• cirrhosis;
  • DM;
  • hepatocellular carcinoma;
  • renal insufficiency;
  • survival


Background: Patients with hepatocellular carcinoma (HCC) often have coexisting cirrhosis, which may predispose to the development of diabetes mellitus (DM). Diabetic HCC patients may have renal insufficiency and a subsequent worse outcome. This study investigated the interaction between DM, cirrhosis and renal dysfunction and the impact of these factors on HCC.

Methods: A prospective database of 1713 HCC patients was analysed.

Results: A total of 392 (22.9%) patients were diabetic. Diabetic patients had a significantly higher Child–Turcotte–Pugh (CTP) score, model for end-stage liver disease score and serum creatinine level, but had significantly lower serum albumin, sodium, alanine aminotransferase, aspartate aminotransferase and bilirubin levels. The serum creatinine level progressively increased and correlated well with increasing CTP class in both diabetic and non-diabetic patients. After a mean follow-up of 18 ± 16 months, DM was shown to be an independent predictor of mortality in the Cox proportional hazard model after adjusting for other predictors [hazard ratio (HR): 1.2, 95% confidence interval (CI): 1.02–1.42]. Diabetic patients more often had renal insufficiency, defined as serum creatinine >1.5 mg/dl (17.3 vs 8.3%, P<0.0001). Renal insufficiency was an independent prognostic predictor in diabetic patients (HR: 2.26, 95% CI: 1.57–3.24) but not in non-diabetic patients, because it was significantly associated with the severity of cirrhosis in the non-diabetic group (P<0.001) but not in the diabetic group (P=0.143).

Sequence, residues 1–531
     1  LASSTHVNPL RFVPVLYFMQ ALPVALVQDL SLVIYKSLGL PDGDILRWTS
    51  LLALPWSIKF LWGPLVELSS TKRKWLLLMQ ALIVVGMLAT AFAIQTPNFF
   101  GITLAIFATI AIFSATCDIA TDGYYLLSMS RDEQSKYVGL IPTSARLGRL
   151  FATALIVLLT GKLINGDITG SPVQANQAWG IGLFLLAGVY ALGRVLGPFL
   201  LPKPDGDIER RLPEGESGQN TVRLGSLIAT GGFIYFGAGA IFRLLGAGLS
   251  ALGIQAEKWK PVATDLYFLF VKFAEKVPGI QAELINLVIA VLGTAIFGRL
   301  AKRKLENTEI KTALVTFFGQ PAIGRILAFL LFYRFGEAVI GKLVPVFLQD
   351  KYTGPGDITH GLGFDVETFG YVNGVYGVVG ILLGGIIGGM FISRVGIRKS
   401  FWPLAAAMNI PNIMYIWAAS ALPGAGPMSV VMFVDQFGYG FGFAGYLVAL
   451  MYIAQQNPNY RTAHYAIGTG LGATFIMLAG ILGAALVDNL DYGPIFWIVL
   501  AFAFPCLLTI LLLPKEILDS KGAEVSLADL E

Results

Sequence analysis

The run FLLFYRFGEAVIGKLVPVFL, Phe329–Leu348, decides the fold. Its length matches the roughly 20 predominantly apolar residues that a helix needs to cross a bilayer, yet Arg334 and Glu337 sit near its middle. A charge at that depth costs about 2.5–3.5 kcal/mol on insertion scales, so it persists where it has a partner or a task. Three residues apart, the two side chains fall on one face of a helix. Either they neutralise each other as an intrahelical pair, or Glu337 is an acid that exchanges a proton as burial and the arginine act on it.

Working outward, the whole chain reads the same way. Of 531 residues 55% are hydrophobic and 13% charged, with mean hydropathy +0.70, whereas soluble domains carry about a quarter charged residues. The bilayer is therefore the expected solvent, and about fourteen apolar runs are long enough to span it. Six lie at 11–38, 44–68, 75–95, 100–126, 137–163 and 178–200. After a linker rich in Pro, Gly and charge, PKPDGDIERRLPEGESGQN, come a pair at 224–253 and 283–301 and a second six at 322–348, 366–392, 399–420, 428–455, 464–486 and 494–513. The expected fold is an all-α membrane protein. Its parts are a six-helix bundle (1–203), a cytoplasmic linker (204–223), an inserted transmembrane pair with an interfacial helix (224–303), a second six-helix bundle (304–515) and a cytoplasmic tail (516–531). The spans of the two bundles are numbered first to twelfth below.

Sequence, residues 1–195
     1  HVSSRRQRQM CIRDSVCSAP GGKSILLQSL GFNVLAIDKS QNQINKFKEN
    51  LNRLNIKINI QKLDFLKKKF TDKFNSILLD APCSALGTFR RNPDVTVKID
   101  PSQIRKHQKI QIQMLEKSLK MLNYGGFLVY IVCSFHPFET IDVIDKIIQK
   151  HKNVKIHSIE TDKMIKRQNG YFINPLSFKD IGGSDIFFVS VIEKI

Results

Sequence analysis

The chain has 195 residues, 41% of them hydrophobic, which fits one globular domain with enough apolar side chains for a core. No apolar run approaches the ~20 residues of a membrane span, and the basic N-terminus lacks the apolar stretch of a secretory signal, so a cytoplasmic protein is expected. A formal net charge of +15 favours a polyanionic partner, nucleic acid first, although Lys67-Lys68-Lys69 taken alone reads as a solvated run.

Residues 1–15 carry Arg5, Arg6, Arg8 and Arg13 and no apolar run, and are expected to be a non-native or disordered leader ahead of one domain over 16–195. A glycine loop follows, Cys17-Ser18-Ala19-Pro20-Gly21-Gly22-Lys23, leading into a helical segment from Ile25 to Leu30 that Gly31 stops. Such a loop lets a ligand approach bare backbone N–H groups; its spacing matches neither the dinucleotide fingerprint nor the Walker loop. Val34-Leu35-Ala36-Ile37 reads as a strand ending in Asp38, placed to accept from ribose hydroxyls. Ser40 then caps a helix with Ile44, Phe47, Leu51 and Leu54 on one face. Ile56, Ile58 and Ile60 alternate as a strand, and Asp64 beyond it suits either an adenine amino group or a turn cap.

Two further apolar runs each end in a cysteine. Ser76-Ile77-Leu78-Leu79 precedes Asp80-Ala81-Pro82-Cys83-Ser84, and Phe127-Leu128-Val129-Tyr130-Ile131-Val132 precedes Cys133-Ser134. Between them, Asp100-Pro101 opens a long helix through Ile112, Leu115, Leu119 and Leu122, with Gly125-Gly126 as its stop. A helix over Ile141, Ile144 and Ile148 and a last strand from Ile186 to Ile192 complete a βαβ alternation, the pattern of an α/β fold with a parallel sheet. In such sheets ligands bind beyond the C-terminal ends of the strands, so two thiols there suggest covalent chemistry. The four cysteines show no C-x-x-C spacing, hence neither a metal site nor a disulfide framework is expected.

Conclusions: DM is associated with inadequate liver reserve and independently predicts decreased survival in HCC patients. Both advanced cirrhosis and DM are associated with renal insufficiency, which is a poor prognostic predictor for HCC.